Sunday, April 12, 2015

Wearing Multiple Hats

This week there was an interesting exchange of thought on Twitter.  Here is a subset:

  1. Once again, testers: WE DO NOT PREVENT DEFECTS. We provide insight and information that can help other people to prevent them.
  2. Did you change the code yourself? The design? Or did you help the person(s) who did?
  3. ... In some cases. In others I did not. Is writing code the only way to prevent defects?
  4. Of course not. But let's be clear on who has responsibility and authority, and let's be appropriately humble.

I definitely like the aspect that testers provide insight and information.  Where this exchange sparked my brain cells was with respect to responsibility and authority.  Unfortunately I think there is a tweet missing where Matt Heusser talks about preventing a defect by fixing some code himself and committing the fix.  I think this is where Michael Bolton injects responsibility and authority by stating Matt was in the developer role and not the tester role.

This distinction caused me to think about what role might I want to play.  I think I want to be a "Team member".  Sure I think the skills I bring to the table is that of a tester's mind, but I also have other skills. I want to always apply each of those skills in the context of a Team.

I think Michael's point is that the actions taken can be bucketed into roles and that point is fine.  What I want to see happen is we reduce the dependency on roles and focus more on creating great teams with a diverse set of skills.  At Agile Testing Days 2014 Janet Gregory and Lisa Crispin talked about the T-Shaped tester.  A diverse set of skills with depth and breadth help form great teams in my opinion. Everyone can contribute in a spontaneous manner to build great software.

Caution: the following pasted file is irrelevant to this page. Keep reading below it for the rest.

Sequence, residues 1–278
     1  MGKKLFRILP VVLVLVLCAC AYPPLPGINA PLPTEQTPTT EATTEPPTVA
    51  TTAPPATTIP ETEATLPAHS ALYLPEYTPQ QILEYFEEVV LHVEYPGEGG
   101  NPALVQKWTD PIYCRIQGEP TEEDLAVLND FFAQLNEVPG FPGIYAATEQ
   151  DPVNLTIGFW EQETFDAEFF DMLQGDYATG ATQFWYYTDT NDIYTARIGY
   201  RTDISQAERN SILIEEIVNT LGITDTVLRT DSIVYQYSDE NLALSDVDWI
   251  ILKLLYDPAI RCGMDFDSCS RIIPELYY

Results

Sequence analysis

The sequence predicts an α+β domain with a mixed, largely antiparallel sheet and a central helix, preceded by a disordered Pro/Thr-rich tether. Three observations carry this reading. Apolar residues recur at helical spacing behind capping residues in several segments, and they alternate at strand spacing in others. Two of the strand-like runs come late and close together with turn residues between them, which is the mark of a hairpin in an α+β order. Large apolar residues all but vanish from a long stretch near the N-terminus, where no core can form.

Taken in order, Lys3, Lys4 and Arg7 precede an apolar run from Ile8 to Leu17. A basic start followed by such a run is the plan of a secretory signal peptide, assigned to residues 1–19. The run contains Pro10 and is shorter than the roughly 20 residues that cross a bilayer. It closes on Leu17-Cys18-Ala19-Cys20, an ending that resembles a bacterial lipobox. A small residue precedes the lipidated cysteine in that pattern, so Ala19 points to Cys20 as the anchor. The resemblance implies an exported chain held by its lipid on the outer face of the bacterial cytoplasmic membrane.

One of the battles I have seen over the years is the siloing or segregation of roles.  I would rather see the lines blurred.  This morning I read several articles in the April addition of Testing Trapeze.  I felt this quote in an article by Michael Trengrove resonated more closely to my point of view,   "Testers writing code, and programmers further developing a tester’s mindset.”

The quote itself implies a set of roles; however, I think the roles should be merging and applied.

In the Trengrove article I think there is another quote that also describes my point of view.  The development Director fo Orion Health, Jan Behrens states, “Today the biggest benefit of having test professionals embedded in cross-functional development teams is not that they are the ones doing all the testing but, similar to an architect or a business analyst or a UX designer, they have a particular set of skills that they help the whole team to apply.”  

My position is we should continue to blurr the lines by sharpening all skills and knowledge of all roles.  I greatly appreciate the acuteness of which Michael Bolton makes distinctions and those distinctions are important.  I prefer to wear multiple hats; however, relative to the context of the situation it is important to know which hat you have on!

Happy Testing!

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